When Alex Stone left home to attend college just over a decade ago, the freshman arrived on campus with an unusually furry roommate. Stone, now 30, has cerebral palsy, a disease that affects his movement and balance. He knew he’d need assistance living on his own, so he applied for a service dog. That’s when Frasier came into his life. The black Labrador retriever with soulful eyes has been Stone’s faithful companion ever since.
“I knew that if I wanted to live independently, I’d need help,” says Stone, calling from South Africa where he is developing a study abroad program for disabled students. “The biggest thing I use Frasier for is picking up dropped items. Without him, if I dropped something, I’d have to leave it or climb out of my chair. If I’m on a city sidewalk, that’s not a promising prospect.”
Stone, who attended Seattle University and is currently working on an advanced degree, contacted Summit Assistance Dogs in Anacortes, Washington. The nonprofit organization specializes in service dogs for people with mobility disabilities like Stone. The animals are provided free of charge, which includes a lifetime of follow-up visits and training. If you are currently in the middle of training your new dog and they keep weeing inside, then don’t suffer in silence. If you have a female dog, then you may want to have a look at female dog diapers to see if this is something you think would help.
Frasier, who was adopted from a shelter when he was a year-old puppy, knows around 60 commands, including basic obedience. He can carry textbooks and use his nose to activate automatic doors. He’s also an expert at cuddling. But Frasier-who is the exact opposite of his fussy TV namesake-provides an unexpected personal benefit as well.
“Before Frasier, I was the one who initiated all social interaction,” says Stone. “People feel awkward when they see someone in a wheelchair. They aren’t sure about communication. But people will come up to Frasier and tell stories. I can show that I’m a viable communication partner. He boosted my social life.”
Stone was so moved by his experience with Summit that he shifted his study focus from business to nonprofit leadership and public affairs. He now works full-time for Summit when he’s stateside, serving as an ambassador for the program, which relies entirely on donations. He also recently applied for a new service dog, as Frasier has reached retirement age. The sweet black lab will now get to relax as a full-time pet and help mentor a new pup when Summit finds the perfect match for Stone. (Dogs are paired with applicants by needs and activity level rather than on a first-come, first-served basis.)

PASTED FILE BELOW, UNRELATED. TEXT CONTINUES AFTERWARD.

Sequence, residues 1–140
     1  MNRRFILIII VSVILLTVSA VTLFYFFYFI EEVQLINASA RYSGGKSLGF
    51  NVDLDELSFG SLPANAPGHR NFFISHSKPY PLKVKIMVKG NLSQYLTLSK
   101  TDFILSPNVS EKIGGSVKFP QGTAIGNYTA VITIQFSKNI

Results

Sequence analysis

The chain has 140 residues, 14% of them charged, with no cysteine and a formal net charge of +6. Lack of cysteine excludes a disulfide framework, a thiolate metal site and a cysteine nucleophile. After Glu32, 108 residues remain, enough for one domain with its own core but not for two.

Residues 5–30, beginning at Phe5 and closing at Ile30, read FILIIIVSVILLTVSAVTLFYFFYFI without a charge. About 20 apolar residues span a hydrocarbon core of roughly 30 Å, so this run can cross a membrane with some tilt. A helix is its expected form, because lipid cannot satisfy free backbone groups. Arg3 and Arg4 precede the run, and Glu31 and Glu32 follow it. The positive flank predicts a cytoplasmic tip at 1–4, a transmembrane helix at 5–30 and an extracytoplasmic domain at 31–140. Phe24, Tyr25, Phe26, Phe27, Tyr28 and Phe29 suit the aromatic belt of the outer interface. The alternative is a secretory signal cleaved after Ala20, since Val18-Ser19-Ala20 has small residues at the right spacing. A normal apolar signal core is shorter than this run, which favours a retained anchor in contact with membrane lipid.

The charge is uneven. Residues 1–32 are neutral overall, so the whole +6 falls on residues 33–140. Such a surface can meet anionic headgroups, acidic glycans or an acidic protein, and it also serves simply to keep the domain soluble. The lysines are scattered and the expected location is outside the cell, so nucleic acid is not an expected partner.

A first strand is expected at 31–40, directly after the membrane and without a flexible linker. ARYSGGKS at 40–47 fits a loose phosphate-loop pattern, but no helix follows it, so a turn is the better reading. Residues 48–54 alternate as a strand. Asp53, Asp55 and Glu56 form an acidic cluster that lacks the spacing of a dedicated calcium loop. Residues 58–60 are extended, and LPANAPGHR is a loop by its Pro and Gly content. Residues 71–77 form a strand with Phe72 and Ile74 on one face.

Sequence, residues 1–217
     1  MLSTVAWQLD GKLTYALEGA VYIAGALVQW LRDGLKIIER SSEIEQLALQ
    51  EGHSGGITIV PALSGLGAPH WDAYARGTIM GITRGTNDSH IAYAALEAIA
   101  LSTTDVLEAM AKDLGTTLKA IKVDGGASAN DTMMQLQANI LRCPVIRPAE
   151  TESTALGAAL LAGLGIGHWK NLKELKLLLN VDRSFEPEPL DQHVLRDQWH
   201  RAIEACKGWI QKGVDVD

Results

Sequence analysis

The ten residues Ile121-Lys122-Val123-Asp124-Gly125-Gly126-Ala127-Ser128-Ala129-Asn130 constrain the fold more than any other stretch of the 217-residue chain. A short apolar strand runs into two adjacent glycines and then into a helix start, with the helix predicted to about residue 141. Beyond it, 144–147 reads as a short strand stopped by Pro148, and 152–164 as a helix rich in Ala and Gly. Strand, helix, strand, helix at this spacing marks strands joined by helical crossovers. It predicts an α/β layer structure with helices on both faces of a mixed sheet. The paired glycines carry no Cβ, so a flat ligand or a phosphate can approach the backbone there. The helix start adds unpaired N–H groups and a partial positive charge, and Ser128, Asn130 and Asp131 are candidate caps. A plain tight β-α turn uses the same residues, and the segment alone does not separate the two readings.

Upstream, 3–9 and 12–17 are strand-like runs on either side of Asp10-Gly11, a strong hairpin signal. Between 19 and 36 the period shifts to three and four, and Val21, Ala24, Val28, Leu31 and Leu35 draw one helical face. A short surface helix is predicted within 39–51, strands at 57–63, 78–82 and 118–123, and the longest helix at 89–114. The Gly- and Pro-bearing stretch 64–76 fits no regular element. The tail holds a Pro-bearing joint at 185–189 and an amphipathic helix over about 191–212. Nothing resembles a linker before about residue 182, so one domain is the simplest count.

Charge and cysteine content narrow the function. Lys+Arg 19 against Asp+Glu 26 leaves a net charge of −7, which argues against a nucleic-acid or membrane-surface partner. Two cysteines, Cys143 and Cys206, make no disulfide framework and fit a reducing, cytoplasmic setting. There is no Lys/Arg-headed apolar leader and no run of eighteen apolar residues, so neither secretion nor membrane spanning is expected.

Summit, which has been placing dogs for 15 years, is currently fundraising for a new
facility on Whidbey Island, not far from Seattle. The organization invests about $25,000 per assistance dog, a number that always widens eyes, particularly since the animals are provided for free to those in need.
“People with disabilities often have so many medical and other expenses already,” says Alice Collingwood, who handles community relations for Summit.
Training a service dog is no easy feat. In fact, most trainees-while completely adorable-won’t ever make the cut. According to Collingwood, the national success ratio among service organizations is 30 percent, or three out of 10 dogs.
“There are a lot of great athletes, but only a handful of Olympians,” explains Collingwood. “We want to turn out Olympians.”
Summit’s dogs, which include purebreds and shelter finds, are put through rigorous training. Early on, the puppies live with volunteer foster families, who cover all the costs. During this time, they can get help with training the puppies in house training from sites such as, Pupster Passion, which will help them in making sure the pup is well trained. Pups who don’t demonstrate the right stuff are placed in forever homes. Those who show promise continue on with full-time trainers, learning advanced commands while socializing with other dogs and people and getting the hang of the human world (escalators can be scary).